Of course, the network management tools that I was using report interfaces with high percentages of errors, drops, or overruns. Fortunately for me, the NMS was not looking at the switch interfaces that connected to several key servers that were having performance problems. So I collected some basic stats using show interface. How could that be ‘fortunate’? Isn’t that a bad way to collect interface performance data? Normally, I would say yes, but having to fall back to the CLI for data collection taught me something new.
In the interface stats, I found ingress overruns, which is when the server is sending data faster than the switch can handle. The switch ports were an old interface card that had eight ports serviced by one ASIC and the ASIC had an aggregate throughput figure of 1Gbps. The server interfaces were configured for 1Gbps operation. It only took a couple of these servers to overrun the ASIC. That’s what caused the ingress overruns.
Finding the ingress overruns got me to thinking about all the data that was being collected. Co-worker Carole Warner Reece cooked up a quick Python script to take the output of show interface from all interfaces and created a spreadsheet. I then sorted the spreadsheet by the error counts. Some of the interfaces had high numbers of total errors, high traffic levels, and the percentage of errors on many of them was about 0.01%. These were key Gig links, so it was worth investigating. Looking back at my prior blog posts on Application performance (see blog links above) and the one on the Mathis Equation, you will note that this is enough packet loss to cause problems for TCP throughput.
So I went back to the network assessment tools that I used and found that the interfaces that were reported by my tools all had much higher percentage errors, but had very low data rates. The high-throughput interfaces that I found in the CLI output had error percentages that kept them from appearing in the top few pages of interfaces with high error percentages. While it is important to identify the high-percentage error interfaces (which also had low traffic volumes), it was the high volume interfaces that were impacting the applications that communicated across the network backbone.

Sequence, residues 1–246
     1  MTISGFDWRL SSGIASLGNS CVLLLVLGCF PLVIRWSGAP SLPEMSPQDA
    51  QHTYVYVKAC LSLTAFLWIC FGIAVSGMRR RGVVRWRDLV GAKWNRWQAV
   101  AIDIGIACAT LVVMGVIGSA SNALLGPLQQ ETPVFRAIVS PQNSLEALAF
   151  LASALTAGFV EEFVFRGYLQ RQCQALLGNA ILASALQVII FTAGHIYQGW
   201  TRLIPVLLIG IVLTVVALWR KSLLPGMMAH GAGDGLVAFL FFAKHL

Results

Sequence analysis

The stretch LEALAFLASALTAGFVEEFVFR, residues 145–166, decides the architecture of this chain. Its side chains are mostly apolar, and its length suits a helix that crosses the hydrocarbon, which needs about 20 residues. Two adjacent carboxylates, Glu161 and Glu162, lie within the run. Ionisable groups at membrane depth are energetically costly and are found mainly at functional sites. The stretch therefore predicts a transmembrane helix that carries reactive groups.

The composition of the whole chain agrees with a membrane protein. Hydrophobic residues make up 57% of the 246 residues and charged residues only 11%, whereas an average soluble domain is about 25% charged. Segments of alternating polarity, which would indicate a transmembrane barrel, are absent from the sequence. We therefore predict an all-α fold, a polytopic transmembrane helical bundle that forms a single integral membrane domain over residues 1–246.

The interfaces that I was investigating had very high traffic volume, had hundreds of thousands of errors, and were key interfaces in the infrastructure. Now I had a clear understanding of my misconception in looking for interface errors. I had always thought that I should look for high percent errors. But here were key infrastructure interfaces that were exhibiting high errors, but because of the total volume transiting the interfcaes, their percentage was low, relative to other, low-volume interfaces. How should I handle this case?
After thinking about it, I now think that the proper interface error sorting order should be based on two things. There should be a Top-N report that sorts interfaces by percent errors. This catches all interfaces that have high percent errors. With some very high percent errors, an interface won’t have much good traffic, keeping the error percentage high. A duplex mismatch on a busy interface will look like this. The second report should be a Top-N report that sorts interfaces by the total volume of errors. There may need to be a third report that identifies interfaces that have more than 0.0001% errors and sorts them by total traffic volume. This would highlight the busiest interfaces in the infrastructure where enough errors are occurring that it would impact TCP throughput.
I’ll now need to start looking for products that allow me to produce reports like those above. I know that NetMRI displays interface stats and I can use the Search and sort criteria in the displays to show interfaces with problems. I can also export the NetMRI data to a .csv file, open it in a spreadsheet or import to a database and do all the filtering and sorting I want. I’m not sure what other tools provide this level of flexibility, but I’ll certainly be looking now.
Re-posted with Permission
NetCraftsmen would like to acknowledge Infoblox for their permission to re-post this article which originally appeared in the Applied Infrastructure blog under http://www.infoblox.com/en/communities/blogs.html